Many of these folks, if I asked them what does 2+ 2 equal, wouldn't be able to respond. If I asked them their name, they might remember, they might not. Basic stuff most of us take for granted is a challenge for these folks. It runs across all races, religions, ethnicities and political persuasions.It is frighteningly indiscriminate in who it attacks.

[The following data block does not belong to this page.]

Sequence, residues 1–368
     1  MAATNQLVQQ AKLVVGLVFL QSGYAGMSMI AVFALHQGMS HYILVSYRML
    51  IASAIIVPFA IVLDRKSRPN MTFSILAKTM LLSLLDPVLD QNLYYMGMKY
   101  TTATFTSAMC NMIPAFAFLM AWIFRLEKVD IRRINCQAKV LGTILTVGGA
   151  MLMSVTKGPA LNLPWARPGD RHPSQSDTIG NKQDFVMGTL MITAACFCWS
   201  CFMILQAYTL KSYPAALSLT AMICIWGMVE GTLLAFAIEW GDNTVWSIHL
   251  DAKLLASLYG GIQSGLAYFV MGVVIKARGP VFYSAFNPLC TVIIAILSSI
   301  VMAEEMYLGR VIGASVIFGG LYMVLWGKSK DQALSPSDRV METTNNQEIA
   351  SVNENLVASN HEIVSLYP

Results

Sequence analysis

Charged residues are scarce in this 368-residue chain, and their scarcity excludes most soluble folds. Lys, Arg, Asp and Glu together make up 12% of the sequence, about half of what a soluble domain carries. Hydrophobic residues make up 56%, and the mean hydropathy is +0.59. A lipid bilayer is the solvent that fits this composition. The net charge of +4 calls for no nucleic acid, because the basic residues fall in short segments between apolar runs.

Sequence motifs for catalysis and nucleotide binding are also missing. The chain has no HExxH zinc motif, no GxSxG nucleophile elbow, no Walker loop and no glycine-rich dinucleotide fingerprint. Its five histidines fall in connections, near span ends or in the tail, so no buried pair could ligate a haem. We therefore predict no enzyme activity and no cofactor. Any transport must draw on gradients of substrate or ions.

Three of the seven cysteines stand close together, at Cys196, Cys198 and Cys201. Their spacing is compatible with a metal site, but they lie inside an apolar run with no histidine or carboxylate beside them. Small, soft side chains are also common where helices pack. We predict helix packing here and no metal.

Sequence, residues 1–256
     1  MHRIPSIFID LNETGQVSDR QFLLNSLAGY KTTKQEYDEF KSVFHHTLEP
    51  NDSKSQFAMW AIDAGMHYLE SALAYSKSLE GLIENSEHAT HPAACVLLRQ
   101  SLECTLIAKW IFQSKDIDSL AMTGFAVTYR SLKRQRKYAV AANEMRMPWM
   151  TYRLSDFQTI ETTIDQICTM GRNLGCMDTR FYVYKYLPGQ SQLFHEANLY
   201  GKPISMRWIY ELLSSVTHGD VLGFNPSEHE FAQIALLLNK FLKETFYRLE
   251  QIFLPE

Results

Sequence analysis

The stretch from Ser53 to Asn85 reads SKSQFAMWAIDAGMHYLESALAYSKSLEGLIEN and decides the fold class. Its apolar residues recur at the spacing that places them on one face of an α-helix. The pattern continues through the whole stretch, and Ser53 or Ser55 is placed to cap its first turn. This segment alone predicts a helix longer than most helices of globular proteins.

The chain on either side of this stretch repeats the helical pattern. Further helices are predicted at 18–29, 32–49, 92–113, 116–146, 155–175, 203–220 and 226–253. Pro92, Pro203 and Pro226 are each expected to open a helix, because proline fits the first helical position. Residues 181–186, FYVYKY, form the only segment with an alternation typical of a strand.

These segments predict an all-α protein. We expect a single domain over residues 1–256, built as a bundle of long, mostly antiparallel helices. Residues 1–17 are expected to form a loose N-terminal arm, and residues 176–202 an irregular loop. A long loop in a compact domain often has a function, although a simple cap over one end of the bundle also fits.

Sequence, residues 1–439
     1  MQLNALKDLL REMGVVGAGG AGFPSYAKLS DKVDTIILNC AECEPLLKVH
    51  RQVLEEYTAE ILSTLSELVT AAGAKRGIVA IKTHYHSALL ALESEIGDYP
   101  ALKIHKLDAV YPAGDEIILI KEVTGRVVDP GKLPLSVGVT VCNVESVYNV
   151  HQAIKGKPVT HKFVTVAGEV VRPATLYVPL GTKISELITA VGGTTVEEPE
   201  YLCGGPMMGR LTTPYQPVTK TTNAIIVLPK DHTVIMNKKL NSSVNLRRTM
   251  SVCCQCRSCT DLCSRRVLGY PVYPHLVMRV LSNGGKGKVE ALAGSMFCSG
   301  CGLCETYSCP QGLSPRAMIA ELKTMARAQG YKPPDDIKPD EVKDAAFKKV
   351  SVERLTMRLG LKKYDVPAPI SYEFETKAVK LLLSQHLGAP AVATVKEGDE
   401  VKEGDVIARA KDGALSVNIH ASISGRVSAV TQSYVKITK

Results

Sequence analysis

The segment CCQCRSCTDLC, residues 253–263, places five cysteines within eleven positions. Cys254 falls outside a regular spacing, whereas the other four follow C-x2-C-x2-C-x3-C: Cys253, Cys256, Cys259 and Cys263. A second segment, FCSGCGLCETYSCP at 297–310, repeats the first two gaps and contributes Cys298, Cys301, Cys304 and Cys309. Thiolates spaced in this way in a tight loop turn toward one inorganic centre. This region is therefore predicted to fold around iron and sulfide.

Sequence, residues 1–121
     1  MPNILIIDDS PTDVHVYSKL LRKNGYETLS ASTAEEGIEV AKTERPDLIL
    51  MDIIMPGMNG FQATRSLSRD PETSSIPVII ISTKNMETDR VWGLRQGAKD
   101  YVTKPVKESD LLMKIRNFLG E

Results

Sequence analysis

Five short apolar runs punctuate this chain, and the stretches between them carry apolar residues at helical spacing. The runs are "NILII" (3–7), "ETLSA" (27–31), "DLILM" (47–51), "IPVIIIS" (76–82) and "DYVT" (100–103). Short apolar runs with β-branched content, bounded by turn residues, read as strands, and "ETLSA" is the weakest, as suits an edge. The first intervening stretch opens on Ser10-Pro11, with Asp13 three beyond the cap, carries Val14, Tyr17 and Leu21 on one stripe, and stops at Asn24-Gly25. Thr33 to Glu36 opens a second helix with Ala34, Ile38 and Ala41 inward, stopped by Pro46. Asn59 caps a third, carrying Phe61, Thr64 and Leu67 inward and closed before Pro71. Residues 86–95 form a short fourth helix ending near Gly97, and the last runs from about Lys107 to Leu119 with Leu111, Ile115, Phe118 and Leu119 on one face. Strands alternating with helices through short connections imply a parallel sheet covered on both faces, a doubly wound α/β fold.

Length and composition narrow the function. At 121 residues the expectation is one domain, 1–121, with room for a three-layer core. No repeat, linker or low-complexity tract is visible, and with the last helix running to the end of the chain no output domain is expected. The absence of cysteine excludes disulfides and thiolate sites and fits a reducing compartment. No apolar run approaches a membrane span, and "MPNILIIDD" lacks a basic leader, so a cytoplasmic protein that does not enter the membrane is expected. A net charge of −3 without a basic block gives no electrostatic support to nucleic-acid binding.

There is something about music that slices through the fog. Not just my music, but music in general. That said, there does seem to be a difference between live music performed at a good volume and a radio in the corner turned on at a low level. As I go through the various tunes I play during my hour, at any given time in various spots around the room, its like someone threw a switch. Suddenly these patients who were mentally a thousand miles away just a few moments react. They aren't jumping up and dancing, mind you, (well, a few try) but they respond in different ways. Some begin to move their feet. Some tap their hands on their thighs in rhythm to the beat of the music. Many smile or begin to sing the words. The right words, in fact... They applaud, hoop and holler in approval after each songs ends. I suspect its like this for most live musical performances. I don't think I've come upon some magical sequence of songs that is responsible for this.